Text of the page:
Habitat loss, pesticide use, and pollution are endangering bees and butterflies across Canada. The decline of these busy pollinators puts some major food crops and flowers in danger too. Many plant species count on these winged creatures to carry pollen from bloom to bloom. Only then can the fertilized plants produce fruit, seeds, and nuts.
Did you know that the bumblebee is the chief pollinator of the endangered Furbish's lousewort? This yellow-flowered plant grows in just one area on the whole planet - along the banks of the upper St. John River in New Brunswick and Maine. Changes, such as dam flooding, tree cutting, or a shortage of bumblebees, could wipe out this species. In 1980, it was the first plant to be listed as endangered by the Committee on the Status of Endangered Wildlife in Canada. We can help conserve Furbish's lousewort by protecting its special habitat, and the bumblebee that pollinates this unique plant as well.
Another example of this kind of interdependence is the relationship between a particular species of yucca moth (Tegeticula yuccasella) and soapweed (a yucca plant of southeastern Alberta and southwestern Saskatchewan). Not only is soapweed pollinated exclusively by this one type of yucca moth, but the survival of the moth also depends on its ability to pollinate soapweed. As it flies from plant to plant and gathering pollen, the moth lays its eggs right where the plant's seeds will develop. When the moth larvae hatch about a week later, guess what they dine on? Soapweed seeds, of course.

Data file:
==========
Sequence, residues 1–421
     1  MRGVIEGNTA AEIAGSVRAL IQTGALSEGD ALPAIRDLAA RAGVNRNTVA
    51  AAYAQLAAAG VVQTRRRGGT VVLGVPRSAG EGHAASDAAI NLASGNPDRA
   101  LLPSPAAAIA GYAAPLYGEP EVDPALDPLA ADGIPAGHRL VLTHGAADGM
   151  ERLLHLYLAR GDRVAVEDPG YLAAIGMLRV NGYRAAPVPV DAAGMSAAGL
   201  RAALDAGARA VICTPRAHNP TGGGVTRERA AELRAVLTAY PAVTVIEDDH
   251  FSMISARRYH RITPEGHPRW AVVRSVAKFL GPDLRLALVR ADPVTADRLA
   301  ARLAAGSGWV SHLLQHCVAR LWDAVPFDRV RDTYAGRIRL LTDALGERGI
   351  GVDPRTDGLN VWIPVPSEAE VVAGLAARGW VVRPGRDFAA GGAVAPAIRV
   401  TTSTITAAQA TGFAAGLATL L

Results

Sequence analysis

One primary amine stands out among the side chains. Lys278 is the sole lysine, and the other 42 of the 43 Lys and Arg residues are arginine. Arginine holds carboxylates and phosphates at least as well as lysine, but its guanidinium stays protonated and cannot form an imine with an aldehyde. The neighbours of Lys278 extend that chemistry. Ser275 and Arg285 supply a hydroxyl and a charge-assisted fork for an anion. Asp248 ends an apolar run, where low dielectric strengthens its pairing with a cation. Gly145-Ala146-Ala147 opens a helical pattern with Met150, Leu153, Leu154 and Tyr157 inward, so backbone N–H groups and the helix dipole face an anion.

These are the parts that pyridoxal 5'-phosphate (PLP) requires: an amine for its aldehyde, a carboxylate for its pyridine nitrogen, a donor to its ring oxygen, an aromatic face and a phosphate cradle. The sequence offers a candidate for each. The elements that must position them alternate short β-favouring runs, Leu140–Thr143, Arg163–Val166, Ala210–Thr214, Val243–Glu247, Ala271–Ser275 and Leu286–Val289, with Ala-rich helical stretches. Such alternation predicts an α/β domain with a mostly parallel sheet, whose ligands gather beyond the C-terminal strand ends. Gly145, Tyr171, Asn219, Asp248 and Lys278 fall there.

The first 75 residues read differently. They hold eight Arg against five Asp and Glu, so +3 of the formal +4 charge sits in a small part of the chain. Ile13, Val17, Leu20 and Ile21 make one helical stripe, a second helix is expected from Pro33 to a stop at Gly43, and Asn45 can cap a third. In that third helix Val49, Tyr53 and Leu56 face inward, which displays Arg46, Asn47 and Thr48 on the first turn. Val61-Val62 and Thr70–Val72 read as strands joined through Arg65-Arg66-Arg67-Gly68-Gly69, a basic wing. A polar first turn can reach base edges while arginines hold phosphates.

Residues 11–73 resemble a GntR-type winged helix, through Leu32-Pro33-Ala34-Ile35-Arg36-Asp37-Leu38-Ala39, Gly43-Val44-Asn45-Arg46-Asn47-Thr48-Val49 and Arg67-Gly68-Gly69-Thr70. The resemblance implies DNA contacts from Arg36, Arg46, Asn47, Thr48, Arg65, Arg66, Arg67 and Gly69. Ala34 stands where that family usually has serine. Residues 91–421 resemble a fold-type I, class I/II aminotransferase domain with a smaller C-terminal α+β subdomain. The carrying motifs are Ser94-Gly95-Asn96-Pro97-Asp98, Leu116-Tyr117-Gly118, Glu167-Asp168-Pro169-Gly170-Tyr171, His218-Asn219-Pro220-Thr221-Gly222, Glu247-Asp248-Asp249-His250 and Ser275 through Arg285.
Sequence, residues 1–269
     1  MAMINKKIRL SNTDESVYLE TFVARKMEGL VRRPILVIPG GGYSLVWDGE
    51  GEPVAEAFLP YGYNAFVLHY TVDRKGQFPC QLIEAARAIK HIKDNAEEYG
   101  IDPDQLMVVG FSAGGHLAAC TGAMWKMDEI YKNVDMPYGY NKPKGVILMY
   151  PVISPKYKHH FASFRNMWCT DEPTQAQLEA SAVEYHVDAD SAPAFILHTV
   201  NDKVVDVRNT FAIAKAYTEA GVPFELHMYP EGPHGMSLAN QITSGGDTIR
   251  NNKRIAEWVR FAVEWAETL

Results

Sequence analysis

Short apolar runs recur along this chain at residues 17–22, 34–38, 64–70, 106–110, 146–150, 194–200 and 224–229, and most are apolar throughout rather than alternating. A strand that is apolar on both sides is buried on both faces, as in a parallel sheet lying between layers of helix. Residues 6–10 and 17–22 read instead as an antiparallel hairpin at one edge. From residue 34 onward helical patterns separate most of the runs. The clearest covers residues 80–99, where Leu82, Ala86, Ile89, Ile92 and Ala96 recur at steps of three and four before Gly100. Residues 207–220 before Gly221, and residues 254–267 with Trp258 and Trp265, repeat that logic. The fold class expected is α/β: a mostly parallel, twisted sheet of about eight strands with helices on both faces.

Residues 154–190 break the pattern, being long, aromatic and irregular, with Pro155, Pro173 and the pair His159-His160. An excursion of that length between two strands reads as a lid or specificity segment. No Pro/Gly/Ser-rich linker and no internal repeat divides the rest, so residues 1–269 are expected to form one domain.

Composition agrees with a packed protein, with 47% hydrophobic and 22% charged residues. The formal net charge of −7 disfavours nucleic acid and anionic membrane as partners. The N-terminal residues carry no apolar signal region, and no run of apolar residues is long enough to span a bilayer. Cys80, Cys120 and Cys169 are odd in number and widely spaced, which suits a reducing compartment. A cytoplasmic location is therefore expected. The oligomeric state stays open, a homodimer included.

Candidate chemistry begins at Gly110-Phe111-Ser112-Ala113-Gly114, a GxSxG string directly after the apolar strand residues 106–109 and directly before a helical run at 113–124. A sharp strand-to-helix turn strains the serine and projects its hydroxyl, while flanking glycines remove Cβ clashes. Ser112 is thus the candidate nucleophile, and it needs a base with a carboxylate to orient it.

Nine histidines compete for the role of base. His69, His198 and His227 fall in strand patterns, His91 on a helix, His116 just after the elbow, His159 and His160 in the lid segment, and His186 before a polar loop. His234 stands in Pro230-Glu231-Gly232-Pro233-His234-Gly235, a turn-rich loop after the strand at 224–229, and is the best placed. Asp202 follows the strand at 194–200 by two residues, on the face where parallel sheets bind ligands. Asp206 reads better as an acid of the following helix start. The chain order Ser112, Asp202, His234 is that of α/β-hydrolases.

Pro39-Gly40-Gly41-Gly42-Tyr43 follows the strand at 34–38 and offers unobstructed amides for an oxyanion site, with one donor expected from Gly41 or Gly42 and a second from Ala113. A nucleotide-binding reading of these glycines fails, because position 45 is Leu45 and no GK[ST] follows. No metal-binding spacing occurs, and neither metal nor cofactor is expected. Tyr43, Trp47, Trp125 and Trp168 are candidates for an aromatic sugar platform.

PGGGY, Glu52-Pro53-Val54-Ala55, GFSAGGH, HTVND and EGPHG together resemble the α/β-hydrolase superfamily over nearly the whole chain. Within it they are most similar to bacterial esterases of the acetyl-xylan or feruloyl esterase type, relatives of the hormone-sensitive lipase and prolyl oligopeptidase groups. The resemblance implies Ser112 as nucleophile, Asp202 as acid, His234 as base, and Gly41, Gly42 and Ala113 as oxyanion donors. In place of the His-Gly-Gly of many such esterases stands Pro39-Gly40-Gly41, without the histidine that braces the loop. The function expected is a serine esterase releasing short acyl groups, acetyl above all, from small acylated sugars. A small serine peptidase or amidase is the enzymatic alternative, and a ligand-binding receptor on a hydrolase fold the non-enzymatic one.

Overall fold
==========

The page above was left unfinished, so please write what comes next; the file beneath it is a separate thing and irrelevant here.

Eventually, the larvae drop to the ground and tunnel into the earth. Next, they form a cocoon, from which they emerge as yucca moths. Now that’s what you call a cozy relationship! This type of interdependence is known as obligate mutualism, meaning that neither species can exist without the other.
• Create a pollinator's banquet by planting the favourite wildflowers of bees, butterflies, and other insects. Examples include milkweed, goldenrod, phlox, Queen Anne's lace, common thistle, black-eyed Susan, and asters.
• Make sure the plants are suited to your region. Check with your local bylaw inspector to see that none of the plants you plan to use are classified as noxious weeds.
• You might want to "specialize" part of your garden just for butterflies. Butterflies need two types of nourishment: food for their larvae (caterpillars) and nectar for adults. Butterfly caterpillars generally feed on asters, alfalfa, clover, violets, hollyhock, milkweed, black-eyed Susan, lupines, sedum, and marigolds. They're also happy with trees such as birches, aspen, willow, hackberry, cherry, and oak.
• The best nectar choices for adult butterflies are dogbane, milkweed, asters, goldenrod, fleabane, red clover, winter cress, self-heal, peppermint, globe thistle, bachelor's-button, blazing-star, peonies, and marigolds. Queen Anne's lace, dill, and parsley are butterfly treats too.
• The following plants are favourites of bees, butterflies, and other pollinators:
Wildflowers: Asters, Phlox, Black-eyed Susan*, Butterfly-weed*, Goldenrod, Hawkweed.
Herbs: Dill*, Marjoram, Parsley*, Hyssop, Catnip.
*Those marked with an asterisk are also good sources of food for caterpillars.
• Refer to "Create a Wildflower Garden" for specific instructions on how to obtain native plants and wildflowers and establish them in your garden. .
• Water regularly until the plants are well established. • Weed out any undesirable growth. • See "Plant Project Maintenance Tips" for further suggestions.